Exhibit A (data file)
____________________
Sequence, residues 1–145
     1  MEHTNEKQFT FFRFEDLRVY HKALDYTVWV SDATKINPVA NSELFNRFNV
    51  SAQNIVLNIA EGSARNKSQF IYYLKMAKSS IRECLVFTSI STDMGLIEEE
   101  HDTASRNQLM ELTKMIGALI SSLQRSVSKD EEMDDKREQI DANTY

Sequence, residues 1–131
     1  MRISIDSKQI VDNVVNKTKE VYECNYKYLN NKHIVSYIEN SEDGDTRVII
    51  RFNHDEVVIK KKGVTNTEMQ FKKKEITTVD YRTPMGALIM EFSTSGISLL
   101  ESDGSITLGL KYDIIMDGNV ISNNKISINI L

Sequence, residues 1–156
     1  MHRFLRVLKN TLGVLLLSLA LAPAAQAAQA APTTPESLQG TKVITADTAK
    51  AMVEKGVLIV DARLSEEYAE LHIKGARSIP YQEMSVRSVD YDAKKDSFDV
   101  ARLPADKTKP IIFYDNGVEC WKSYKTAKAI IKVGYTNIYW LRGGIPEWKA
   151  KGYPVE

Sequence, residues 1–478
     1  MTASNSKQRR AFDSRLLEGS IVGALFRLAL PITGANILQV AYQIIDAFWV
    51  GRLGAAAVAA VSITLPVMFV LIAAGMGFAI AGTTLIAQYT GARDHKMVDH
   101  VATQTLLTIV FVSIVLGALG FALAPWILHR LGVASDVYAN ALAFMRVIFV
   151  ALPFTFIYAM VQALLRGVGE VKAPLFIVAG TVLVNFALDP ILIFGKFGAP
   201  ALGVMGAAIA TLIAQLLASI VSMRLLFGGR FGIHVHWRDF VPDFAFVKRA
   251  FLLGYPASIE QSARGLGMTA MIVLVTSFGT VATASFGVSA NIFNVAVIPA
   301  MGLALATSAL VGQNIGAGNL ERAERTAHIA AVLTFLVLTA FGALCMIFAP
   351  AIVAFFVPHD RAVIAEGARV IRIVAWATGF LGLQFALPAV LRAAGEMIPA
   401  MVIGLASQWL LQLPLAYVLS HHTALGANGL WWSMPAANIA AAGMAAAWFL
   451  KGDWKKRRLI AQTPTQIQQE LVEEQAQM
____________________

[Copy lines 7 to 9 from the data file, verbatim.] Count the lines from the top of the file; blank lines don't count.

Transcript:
    51  RFNHDEVVIK KKGVTNTEMQ FKKKEITTVD YRTPMGALIM EFSTSGISLL
   101  ESDGSITLGL KYDIIMDGNV ISNNKISINI L

Sequence, residues 1–156